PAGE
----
To whit: the cabin space of a van with the driving pleasure of a car. The proto Espace was built on a Renault 18 chassis and powered by an engine from the Fuego, that futuristic coupe of the early Eighties which has all but vanished from our roads.
The 1984 production model was built on a bespoke chassis by Matra – with a flat floor, seats for up to seven. The rear seats could be removed. The front seats were more like chairs, and could swivel to face the rear for picnics. There were folding tables on the seat backs, seen on grand touring cars in previous times. It was a defining vehicle for the car industry and, in time, much imitated.
Espace evolved, with Quadra 4x4 in 1988 (a press event involved scooting round a Scottish croft) and in late 1996 the Mk 3 which had a longer, Grand Espace version to address the problem of where to put luggage when all the seats were in use. It also allowed the seats to be moved up and down the floor on rails. I shared a press drive in that one from Las Vegas to Tucson.
Since late 2002 we have been in the fourth generation, and a replacement is overdue. More fashionable these days are the cross-over designs with a more sporty image.
Espace has been winning awards but not always high scores in reliability, so in 2009 it received a 100,000 mile (three year) warranty. It also holds one of the highest scores in the Euro NCAP crash tests. All models have eight airbags, plus electronics to maintain stability, steering and grip. The Grand Espace is some eight inches longer (200mm) and with the seats removed has a capacity of 3,050 litres. The minimum boot volume with the seats on board is 456 litres (regular Espace 2,860L and 291L).
There are 2-litre diesel engines giving 150ps and 175ps. Prices open at 25,315 for the Espace Dynamique TomTom with the 150ps motor. The TomTom 175 Automatic is 27,820. The equivalent Grand Espace models cost an additional 1,600.
My test model was the Grand Espace with the 175ps (172.6bhp) engine. On the road price: 29,420. Extras included a seventh seat (560), metallic paint (520), an opening window in the tailgate for versatile loading (330), panoramic sunroof (1,330), emergency spare wheel (75 well spent when you need one), plus audio upgrades and twin screen DVD system which added 1,910.
However, the standard vehicle is well-equipped, with dual zone climate control, cruise control and a speed limiter and, as the name implies, an integrated TomTom navigation unit which flags up speed cameras. A rear parking bleeper is a help.
There are sun blinds for the rear windows, automatic lights and wipers, 17-inch alloys, and push-button ignition. Roof bars are ready for excess loads in one of those must-have streamlined Thule boxes.
The Espace and its ilk (Galaxy, Sharan, Sedona, 5008) are really about capacity. There is not much point in one unless you need their passenger and/or luggage capacity. The Grand Espace actually works best as a five-seater, leaving stacks of rearward room for baggage. They make an ideal long-distance holiday car, where with, say, four seats in use there is lots of space for bags, prams, even a bike. Note that with the Espace the seats can be folded onto their bases or removed. They do not fold away into the floor. In the cabin per se there are numerous compartments for odds and ends.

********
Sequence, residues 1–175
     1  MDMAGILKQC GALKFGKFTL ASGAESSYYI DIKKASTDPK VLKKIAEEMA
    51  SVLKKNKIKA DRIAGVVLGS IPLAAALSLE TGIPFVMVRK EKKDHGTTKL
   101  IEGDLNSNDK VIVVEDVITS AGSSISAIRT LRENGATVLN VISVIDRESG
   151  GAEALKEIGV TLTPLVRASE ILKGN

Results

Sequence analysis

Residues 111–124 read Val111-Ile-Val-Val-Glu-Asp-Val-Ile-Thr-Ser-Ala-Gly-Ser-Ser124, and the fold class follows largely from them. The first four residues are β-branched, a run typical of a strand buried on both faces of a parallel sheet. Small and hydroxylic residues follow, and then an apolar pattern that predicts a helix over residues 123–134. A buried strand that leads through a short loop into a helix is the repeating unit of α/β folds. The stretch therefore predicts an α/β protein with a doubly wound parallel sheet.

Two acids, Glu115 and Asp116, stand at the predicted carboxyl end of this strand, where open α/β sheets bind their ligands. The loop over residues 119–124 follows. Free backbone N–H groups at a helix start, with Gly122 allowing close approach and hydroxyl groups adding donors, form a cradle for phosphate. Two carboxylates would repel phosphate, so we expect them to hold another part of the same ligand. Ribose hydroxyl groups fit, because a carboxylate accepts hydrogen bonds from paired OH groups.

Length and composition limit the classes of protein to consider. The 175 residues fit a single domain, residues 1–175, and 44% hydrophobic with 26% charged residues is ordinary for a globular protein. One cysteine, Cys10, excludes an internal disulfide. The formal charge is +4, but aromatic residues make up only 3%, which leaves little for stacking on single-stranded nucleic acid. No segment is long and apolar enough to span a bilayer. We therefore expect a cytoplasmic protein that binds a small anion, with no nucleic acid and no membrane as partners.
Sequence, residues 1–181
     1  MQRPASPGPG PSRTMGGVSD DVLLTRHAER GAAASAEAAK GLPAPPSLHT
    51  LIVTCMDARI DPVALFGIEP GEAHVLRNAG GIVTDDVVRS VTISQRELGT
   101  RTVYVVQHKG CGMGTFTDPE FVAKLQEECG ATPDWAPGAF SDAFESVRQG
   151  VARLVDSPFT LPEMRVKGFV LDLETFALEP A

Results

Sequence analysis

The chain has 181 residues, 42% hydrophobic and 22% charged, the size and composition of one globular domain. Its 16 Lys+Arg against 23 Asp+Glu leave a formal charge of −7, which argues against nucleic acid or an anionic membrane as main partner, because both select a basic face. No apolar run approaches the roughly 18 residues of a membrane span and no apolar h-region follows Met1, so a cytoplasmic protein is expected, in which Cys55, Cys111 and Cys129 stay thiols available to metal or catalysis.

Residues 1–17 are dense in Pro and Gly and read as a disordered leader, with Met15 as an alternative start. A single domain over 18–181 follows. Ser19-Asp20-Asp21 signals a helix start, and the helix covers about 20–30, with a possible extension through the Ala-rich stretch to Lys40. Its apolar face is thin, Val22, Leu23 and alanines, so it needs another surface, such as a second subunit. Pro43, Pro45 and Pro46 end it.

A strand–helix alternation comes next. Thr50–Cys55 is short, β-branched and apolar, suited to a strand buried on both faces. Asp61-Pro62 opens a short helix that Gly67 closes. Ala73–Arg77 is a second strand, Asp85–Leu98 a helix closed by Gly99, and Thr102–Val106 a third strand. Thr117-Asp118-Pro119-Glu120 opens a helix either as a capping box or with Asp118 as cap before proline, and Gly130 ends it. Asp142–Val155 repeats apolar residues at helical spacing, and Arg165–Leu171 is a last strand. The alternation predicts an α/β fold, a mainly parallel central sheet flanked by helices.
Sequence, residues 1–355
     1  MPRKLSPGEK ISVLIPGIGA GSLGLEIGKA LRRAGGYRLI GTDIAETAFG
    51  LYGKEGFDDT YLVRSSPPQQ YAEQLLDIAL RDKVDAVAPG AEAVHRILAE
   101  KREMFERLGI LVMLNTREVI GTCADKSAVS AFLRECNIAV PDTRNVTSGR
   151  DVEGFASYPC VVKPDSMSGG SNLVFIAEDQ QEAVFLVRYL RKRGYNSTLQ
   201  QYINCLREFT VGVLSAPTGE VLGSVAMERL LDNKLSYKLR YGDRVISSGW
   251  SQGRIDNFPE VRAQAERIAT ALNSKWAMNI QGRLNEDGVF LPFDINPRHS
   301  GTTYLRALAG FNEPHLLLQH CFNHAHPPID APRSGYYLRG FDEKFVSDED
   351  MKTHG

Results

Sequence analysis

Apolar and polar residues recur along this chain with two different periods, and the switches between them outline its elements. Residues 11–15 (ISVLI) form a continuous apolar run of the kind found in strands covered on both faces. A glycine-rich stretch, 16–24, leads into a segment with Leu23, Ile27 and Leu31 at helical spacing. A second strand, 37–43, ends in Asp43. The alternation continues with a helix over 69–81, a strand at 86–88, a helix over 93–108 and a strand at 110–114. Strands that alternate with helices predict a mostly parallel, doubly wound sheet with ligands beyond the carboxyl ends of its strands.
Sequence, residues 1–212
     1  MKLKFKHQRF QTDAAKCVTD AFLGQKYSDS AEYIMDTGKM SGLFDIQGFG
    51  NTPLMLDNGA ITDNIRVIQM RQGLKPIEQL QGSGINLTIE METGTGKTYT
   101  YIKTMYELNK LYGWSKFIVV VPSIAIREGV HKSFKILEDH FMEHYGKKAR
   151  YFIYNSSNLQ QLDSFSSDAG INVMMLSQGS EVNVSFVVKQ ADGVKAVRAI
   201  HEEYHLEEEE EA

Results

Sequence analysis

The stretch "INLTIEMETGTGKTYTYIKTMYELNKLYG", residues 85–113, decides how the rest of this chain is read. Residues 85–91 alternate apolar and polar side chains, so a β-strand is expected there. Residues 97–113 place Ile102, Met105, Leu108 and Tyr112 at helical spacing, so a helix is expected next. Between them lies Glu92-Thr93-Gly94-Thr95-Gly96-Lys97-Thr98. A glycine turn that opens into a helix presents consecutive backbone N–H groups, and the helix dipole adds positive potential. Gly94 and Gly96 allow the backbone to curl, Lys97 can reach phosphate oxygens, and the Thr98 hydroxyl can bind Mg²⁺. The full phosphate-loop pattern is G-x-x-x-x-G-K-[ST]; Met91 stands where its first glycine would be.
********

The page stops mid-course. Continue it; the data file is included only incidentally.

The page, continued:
From the outside it looks imperious, with its sloping front pointing the way. The rear doors are hinged, so not as versatile or convenient as sliding doors, as fitted on the Sharan and Alhambra. A Renault keycard opens it all up. The diesel engine clatters into life and at tickover makes the instrument cowl vibrate. It is not an endearing image, and the motor, at least as tested, maintains a diesel drone after setting off. There is, then, a lack of refinement in the drive-train. Some clatter and patter over poorer roads is acceptable in big open-box of a car like this, and the handling balance is surprisingly good.
The TomTom navigation uses a screen which is smaller than some. Its repertoire includes giving the appropriate speed limit but, as with other such systems, it was not always accurate. It also gives warning of speed cameras and counting down the distance. Confusingly, the particular speed limit in force when approaching the camera would go off the screen until the camera was reached. Curious stuff. Additionally, another set of numbers would come up, typically 18 or 24. Odder still.
Despite these rumbles and grumbles it remained a useful vehicle, easy to drive, comfortable, elevated enough for a better view than in a normal car. A long motorway journey north from south London through the city was extremely comfortable – with increased hip room on the individual rear seats. It averaged 32 miles a gallon on this drive. A typical mixed route of towns and open road showed 40 miles a gallon – a match for its official average.
It is: Longer version of the Renault Espace people carrier.
How long: 191 inches (4.8m).
Motors: Diesel 2-litre 150ps six speed manual or, as tested, 175ps automatic.
Economy: Renault quotes 26.6mpg urban and 41.5mpg out of town, with 189g/km of C02.
Running costs: Renault offers a 3-year/30,000 mile deal for 349.
Footnote: A replacement for this Espace was the victim of the economic downturn when it kicked in a couple of years ago. The project is now up and running again and a new Espace, or its equivalent cross-over, should be seen in 2014.